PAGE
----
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Industry voices disappointment at budget

HBAA and drp express disappointment at lack of industry-specific measures in autumn budget

Pictured: Louise Goalen, HBAA chair

The HBAA (formerly the Hotel Booking Agents Association) has said it is disappointed by the absence of industry-specific measures in the Autumn Budget Statement

The association had called for financial support to encourage young people to train in the hospitality sector and a reduction in tourism taxation ahead of the budget.

Louise Goalen, HBAA chair, said: “We’re disappointed by the absence of specific measures to help the hospitality and meetings industry in the Autumn Budget Statement to address important issues.

“Financial incentives or assistance for young people to train and to encourage talent in the hospitality and events sector are needed to help reduce youth unemployment and prepare for the declining number of EU workers coming here, a massive and vital resource for this sector. HBAA hoped that the Chancellor would address this in his Autumn Budget Statement. While £20 million for further education colleges for T levels is good news, we need more investment in hospitality sector training.”
She added that the industry needs to do more to make young people see the sector as a good career opportunity.

She said: “Raising personal allowances and with it, the tax threshold is a step forward, but providing funds to encourage 16 to  19 year olds to train in the sector would have been a helpful initiative.
“While we welcome the review of tourism and APD taxation in Northern Ireland, we’re disappointed that the review doesn’t cover England, Scotland and Wales as well.”

Dale Parmenter, founder and CEO of drp, said: "I think the Chancellor clearly didn’t have a lot of flexibility with ball the political and economic pressures going on at the moment. Our industry is vulnerable to business uncertainty and uncertainty is certainly growing. So we need confidence across our clients to be maintained. More money for housing is a great move as is the infrastructure investment and R&D tax cut, good news for the technology and digital businesses in our industry.

"Not a lot for small and medium businesses in the budget, many of the companies in our sector come under that banner, it’s a missed opportunity, barfing in mind how much revenue our industry brings to the treasury each year. Very little around investment in people, training to encourage growth in the events sector."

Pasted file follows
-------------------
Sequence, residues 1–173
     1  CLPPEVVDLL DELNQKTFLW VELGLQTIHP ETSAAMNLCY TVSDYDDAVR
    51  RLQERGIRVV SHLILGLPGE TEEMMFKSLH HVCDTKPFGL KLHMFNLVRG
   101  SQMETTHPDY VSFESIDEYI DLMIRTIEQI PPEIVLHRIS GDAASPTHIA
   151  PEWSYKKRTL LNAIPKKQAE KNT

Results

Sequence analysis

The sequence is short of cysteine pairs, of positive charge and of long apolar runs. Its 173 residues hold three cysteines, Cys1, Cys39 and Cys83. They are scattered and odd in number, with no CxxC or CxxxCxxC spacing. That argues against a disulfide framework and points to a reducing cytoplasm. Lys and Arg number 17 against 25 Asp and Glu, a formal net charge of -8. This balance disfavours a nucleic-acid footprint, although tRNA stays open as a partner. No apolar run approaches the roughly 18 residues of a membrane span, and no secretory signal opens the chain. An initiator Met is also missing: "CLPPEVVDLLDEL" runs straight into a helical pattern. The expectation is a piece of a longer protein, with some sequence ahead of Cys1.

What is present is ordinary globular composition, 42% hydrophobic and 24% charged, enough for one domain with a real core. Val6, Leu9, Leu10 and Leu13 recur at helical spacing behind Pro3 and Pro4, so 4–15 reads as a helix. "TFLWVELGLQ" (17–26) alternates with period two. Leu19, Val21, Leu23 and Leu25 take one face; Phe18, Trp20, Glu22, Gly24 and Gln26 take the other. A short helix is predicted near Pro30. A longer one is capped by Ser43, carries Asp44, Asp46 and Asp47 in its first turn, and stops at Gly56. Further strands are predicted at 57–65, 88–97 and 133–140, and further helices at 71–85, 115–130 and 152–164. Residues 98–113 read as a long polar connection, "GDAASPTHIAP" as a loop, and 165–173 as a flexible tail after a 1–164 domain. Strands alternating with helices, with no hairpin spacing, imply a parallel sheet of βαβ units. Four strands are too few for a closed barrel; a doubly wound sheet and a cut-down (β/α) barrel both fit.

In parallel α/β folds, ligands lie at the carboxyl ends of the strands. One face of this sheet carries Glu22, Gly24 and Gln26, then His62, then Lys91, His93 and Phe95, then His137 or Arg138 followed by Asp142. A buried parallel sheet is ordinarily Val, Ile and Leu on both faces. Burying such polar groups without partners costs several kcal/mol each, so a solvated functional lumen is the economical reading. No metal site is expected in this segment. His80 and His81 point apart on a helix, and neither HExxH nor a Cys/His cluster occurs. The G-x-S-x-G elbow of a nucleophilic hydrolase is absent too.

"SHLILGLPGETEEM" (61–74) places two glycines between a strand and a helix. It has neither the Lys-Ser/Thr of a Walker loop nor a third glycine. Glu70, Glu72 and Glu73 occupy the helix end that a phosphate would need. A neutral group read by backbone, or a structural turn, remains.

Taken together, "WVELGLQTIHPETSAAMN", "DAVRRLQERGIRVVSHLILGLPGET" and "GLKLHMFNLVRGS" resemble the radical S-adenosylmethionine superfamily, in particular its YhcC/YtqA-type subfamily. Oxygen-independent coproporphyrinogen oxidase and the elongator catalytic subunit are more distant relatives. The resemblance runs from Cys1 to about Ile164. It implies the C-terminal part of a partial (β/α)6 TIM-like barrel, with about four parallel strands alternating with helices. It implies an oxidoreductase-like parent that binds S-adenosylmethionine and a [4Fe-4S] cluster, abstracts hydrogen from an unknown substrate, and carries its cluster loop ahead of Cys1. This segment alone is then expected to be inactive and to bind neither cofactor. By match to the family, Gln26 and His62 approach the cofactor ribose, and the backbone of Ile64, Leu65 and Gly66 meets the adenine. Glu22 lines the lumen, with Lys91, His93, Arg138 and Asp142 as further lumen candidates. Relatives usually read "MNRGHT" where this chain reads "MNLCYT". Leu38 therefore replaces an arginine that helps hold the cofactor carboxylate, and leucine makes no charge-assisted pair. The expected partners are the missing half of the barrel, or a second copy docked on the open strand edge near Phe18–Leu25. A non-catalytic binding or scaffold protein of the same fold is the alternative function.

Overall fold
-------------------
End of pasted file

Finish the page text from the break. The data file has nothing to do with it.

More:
The Forum of Private Business has also voiced disappointment at the Chancellor’s lack of support for small businesses in the budget.

The Forum’s MD, Ian Cass, said: “The Chancellor relies on the five million SMEs in the UK to help him balance his books. They bring in over half the country’s revenues and provide huge numbers of jobs in locations where big business is completely absent. Yet, once again, they have lost out to the political agenda.”

The Forum welcomed the potential of a £2.5bn fund to unlock investment in emerging UK businesses, but is concerned that small businesses may find it hard to access this funding.

Adrian Parkes, chief executive of the Guild of Travel Management Companies (GTMC), said: “The announcement of a £1.7bn Transforming Cities Fund to upgrade regional infrastructure and deliver local transport priorities is welcome news. Businesses outside of London and the south east will reap the benefits of this increased regional investment which will help realise their ambitions for growth. Businesses UK-wide will be further supported by increased investment in 5G mobile networks, fibre broadband and AI, and the plans to improve mobile communications for rail passengers.  
“Whilst this is encouraging to see it is disappointing that the Chancellor has taken a more short-sighted stance on APD with increases to the rates applied to premium economy and business class. For the UK to be a lead player on the global stage UK businesses should be encouraged to travel longer distances to emerging markets. Increasing the standard and higher rates of APD on long-haul builds a very real barrier to business travel and will only serve to discourage UK businesses from developing international trade deals further afield.

“Duty of Care and the wellbeing of employees are high on the agenda of many UK businesses when travelling long distances to secure new deals and economic value for the UK. The government needs to strike a fairer balance in supporting the growth of the UK economy both at home and abroad and should be encouraging trade development, not penalising businesses for travelling to develop new markets and win new customers globally.”

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